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    #1

    We saw a boy dashing across the road...

    We saw a boy dashing across the road and a car running over him.

    Is the sentence fine?

    Thanks.

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    #2

    Re: We saw a boy dashing across the road...

    I have changed your thread title.

    As you know, 'Thread titles should include all or part of the word/phrase being discussed.'

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    #3

    Re: We saw a boy dashing across the road...

    Could someone please help? Thanks.

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    #4

    Re: We saw a boy dashing across the road...

    Your sentence is not too bad. There are lots of slightly better ways to say it. Perhaps:

    We saw a boy dash out into the road and get hit by a car.

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    #5

    Re: We saw a boy dashing across the road...

    Quote Originally Posted by jutfrank View Post
    dash out into the road
    Much better. If he had dashed across the road, he would have got to the other side.
    and get hit by a car.
    Much better. The boy remains the subject. I'd also accept get run over.

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    #6

    Re: We saw a boy dashing across the road...

    Ask Is the sentence correct/okay/natural? The answer may be Yes, it's fine, but we don't use that word in questions.
    Last edited by GoesStation; 12-Sep-2016 at 06:02. Reason: Remove a stray space.
    I am not a teacher.

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    #7

    Re: We saw a boy dashing across the road...

    So the sentence should be:

    We saw a boy dashing across the road and getting run over by a car.

    Thanks.

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    #8

    Re: We saw a boy dashing across the road...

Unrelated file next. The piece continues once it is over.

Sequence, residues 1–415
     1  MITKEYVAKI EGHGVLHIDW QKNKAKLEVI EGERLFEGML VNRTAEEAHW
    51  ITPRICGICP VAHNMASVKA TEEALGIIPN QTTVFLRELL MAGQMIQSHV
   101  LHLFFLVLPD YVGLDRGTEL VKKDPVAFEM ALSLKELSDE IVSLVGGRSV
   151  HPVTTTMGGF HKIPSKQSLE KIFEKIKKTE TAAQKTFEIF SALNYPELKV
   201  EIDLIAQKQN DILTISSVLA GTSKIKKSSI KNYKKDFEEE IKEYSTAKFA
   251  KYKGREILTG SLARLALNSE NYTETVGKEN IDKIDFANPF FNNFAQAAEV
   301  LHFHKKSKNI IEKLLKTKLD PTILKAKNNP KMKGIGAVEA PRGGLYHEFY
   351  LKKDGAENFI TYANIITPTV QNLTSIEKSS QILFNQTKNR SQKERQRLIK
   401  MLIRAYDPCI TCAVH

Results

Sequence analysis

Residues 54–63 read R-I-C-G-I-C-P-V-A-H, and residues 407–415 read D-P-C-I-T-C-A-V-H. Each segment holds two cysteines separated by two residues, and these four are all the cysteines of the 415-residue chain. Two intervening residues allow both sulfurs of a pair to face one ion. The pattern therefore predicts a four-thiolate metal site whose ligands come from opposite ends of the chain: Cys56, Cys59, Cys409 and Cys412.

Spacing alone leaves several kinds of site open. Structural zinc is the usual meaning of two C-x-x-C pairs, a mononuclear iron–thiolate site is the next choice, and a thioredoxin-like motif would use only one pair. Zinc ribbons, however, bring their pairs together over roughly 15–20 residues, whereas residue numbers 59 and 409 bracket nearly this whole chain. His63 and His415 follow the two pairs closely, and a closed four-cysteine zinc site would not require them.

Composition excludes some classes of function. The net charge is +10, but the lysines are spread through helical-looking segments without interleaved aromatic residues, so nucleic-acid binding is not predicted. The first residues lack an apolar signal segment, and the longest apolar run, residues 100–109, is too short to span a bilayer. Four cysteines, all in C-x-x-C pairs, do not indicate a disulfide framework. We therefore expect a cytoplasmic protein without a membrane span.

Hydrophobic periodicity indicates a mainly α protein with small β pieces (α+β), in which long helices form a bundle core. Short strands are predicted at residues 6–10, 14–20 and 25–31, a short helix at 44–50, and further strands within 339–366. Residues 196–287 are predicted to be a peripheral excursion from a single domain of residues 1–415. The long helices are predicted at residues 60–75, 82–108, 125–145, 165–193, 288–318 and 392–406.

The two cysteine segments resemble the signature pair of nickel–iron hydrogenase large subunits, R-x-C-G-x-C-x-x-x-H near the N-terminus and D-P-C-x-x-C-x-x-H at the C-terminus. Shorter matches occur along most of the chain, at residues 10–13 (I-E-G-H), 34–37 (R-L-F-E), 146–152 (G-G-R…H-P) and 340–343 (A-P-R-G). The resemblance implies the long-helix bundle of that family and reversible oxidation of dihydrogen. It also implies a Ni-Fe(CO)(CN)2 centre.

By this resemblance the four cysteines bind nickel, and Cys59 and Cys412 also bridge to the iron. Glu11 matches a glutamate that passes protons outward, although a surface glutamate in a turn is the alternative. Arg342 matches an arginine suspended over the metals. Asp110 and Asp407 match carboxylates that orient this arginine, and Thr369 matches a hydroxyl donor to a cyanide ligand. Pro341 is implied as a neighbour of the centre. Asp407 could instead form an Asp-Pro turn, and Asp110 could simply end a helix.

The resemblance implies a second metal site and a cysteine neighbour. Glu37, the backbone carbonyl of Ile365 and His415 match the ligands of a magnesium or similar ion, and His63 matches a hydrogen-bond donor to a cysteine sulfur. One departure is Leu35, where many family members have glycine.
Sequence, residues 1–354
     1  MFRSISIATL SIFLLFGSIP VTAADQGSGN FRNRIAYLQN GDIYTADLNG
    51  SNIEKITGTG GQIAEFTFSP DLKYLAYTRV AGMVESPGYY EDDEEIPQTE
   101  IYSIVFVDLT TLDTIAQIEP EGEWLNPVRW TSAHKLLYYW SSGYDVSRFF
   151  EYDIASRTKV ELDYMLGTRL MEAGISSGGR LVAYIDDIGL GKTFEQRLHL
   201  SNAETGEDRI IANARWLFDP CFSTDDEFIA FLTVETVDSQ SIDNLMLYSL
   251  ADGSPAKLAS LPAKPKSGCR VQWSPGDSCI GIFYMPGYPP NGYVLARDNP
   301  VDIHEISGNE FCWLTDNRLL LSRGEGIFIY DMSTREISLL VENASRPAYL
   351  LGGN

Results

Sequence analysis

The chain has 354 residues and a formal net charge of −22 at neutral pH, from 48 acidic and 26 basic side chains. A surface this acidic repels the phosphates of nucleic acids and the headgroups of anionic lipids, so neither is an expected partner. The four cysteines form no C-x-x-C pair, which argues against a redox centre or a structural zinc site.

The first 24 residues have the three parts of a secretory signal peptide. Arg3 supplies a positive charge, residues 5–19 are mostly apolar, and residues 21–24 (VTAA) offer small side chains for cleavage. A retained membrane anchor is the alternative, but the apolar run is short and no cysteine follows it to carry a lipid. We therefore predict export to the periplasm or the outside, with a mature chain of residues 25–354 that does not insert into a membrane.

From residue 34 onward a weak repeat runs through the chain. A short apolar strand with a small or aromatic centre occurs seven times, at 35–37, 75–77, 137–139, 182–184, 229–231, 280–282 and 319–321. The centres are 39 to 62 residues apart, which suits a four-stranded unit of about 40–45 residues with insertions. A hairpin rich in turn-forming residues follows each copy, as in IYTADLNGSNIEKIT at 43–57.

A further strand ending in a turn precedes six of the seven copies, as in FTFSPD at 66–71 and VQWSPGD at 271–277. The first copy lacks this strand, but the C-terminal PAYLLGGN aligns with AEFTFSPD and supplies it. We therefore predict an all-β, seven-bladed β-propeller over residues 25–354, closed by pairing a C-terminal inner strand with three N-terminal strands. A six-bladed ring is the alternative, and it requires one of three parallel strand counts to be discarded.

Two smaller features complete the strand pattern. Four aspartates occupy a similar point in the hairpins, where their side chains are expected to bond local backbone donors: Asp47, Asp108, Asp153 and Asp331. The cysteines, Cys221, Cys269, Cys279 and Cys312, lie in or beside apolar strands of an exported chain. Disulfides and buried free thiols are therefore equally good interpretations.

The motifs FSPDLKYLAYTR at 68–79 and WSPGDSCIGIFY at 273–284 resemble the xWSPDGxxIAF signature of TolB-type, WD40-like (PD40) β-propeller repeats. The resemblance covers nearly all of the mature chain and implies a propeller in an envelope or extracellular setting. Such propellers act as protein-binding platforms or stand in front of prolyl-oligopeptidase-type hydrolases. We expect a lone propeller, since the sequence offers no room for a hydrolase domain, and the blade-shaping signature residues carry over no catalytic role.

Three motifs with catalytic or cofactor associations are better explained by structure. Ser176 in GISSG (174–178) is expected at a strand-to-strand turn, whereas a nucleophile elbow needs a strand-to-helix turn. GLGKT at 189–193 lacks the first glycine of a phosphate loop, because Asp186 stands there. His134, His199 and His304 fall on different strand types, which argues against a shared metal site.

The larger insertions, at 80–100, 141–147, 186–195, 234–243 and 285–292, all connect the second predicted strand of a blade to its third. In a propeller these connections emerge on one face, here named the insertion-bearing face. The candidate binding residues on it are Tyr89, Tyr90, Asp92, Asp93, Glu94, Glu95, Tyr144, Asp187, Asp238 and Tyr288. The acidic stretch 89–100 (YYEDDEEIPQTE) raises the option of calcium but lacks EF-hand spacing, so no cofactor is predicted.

No. Did you read posts 4 and 5?

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    #9

    Re: We saw a boy dashing across the road...

    Quote Originally Posted by Piscean View Post
    No. Did you read posts 4 and 5?
    Yes. But I would like to make sure I understood the replies. Am I missing something?

    I think the sentence should be:

    We saw a boy dashing across the road and get run over by a car. ( I have changed 'getting' to 'get'.)

    Am I correct this time? Thanks.
    Last edited by Tan Elaine; 12-Sep-2016 at 06:01.

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    #10

    Re: We saw a boy dashing across the road...

    Quote Originally Posted by Tan Elaine View Post
    So the sentence should be:

    We saw a boy dashing across the road and getting run over by a car.
    Quote Originally Posted by Piscean View Post
    No. Did you read posts 4 and 5?
    Quote Originally Posted by Tan Elaine View Post
    Yes. But I would like to make sure I understood the replies. Am I missing something? Thanks.
    Posts #4 & #5 are telling you to use the simple form for your verbs; "dash" and "get".

    You keep returning to the continuous form of these verbs; "dashing", "getting".

    "We saw a boy dashing..." feels wrong. "We were watching a boy dashing..." works much better. Then you write your sentence this way:

    "We were watching a boy dashing across the road when suddenly he got run over by a car".

    Even now, I would question why we want to use the continuous verb "watching". The sentence is grammatically correct, but usually we would use the simple form, and say:

    "We saw a boy dash across the road, then get hit by a car",
    OR,
    "We saw a boy try to dash across the road, but halfway across he was run over by a car".

    You could also drop the "We saw...", and say, "As a boy was dashing across the road, he got run over by a car", but it needs that change in structure.

    There is no need for the continuous form here the way you want to construct the sentence. It's okay, but it makes the sentence awkward. Here is how you might naturally, and usefully, employ the continuous in a followup sentence, and keep your "We saw...":

    "We saw a boy try to dash across the road, but he got run over part way across. As he was getting run over, I had the bizarre hope that, at any moment, the car would transform into an Autobot and step harmlessly over him."

    I used "getting" for consistency, but I'd prefer to say "being".

    The difference is that, in the second sentence, I need to use the continuous "getting" (which means I want you to think about the process, or I want you thinking about this as a period of time, not as a momentary event), because I need to speak about something that happened while the boy was being run over.

    Does this make sense?
    Last edited by ChinaDan; 12-Sep-2016 at 06:12. Reason: typo, corrections

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